Unfortunately due to existing commitments on 4th July, I was unable to attend the debate on assisted dying, but I will be sure to read the transcript of the debate.
This issue was last considered by the House of Commons in September 2015. It’s such an emotive subject, so it won’t surprise you to learn that I have received many letters and emails from constituents. I’m also sure it won’t surprise you either to learn that the split between the arguments for and those against is pretty evenly balanced.
In 2015, I felt that I could not support the changes to the law on assisted dying. It is clearly a difficult issue and if I can put it this way, my head says “no”, but my heart says “yes”. On the last occasion, I felt that there were not sufficient safeguards in place.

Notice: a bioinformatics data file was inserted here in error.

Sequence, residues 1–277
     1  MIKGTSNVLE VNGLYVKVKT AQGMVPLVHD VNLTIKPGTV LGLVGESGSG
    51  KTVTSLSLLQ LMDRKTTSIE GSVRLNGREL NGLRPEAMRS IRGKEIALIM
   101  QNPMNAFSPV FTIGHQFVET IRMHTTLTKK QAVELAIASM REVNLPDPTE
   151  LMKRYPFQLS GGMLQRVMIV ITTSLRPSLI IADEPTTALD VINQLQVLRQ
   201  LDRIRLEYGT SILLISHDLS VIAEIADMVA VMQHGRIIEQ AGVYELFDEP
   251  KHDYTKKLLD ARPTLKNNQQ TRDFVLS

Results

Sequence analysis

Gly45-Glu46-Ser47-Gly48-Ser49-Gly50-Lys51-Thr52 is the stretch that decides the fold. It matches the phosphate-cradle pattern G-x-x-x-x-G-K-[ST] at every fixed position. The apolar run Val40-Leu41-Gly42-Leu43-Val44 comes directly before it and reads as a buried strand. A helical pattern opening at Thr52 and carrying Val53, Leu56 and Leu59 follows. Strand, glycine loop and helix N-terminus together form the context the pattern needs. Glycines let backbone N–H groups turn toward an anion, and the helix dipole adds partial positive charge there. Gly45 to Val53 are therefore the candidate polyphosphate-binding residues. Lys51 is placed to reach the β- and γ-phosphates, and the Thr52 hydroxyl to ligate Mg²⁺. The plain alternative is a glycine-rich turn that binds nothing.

Since becoming an MP in 2015, I have listened carefully to both sides of the argument and attended briefings on the subject so I could hear from experts who sit on both sides of the debate. I will continue to do this.
The debate was an opportunity to consider the issues but it was a debate rather than a specific attempt to change the law. If in the future there are specific measures designed to change the law, I will want to consider carefully the specific proposals, the safeguards and how any changes would work in practice. You have my assurances that I will listen to every opinion, examine the evidence and will not rush into a decision. The consequences if we get it wrong are huge.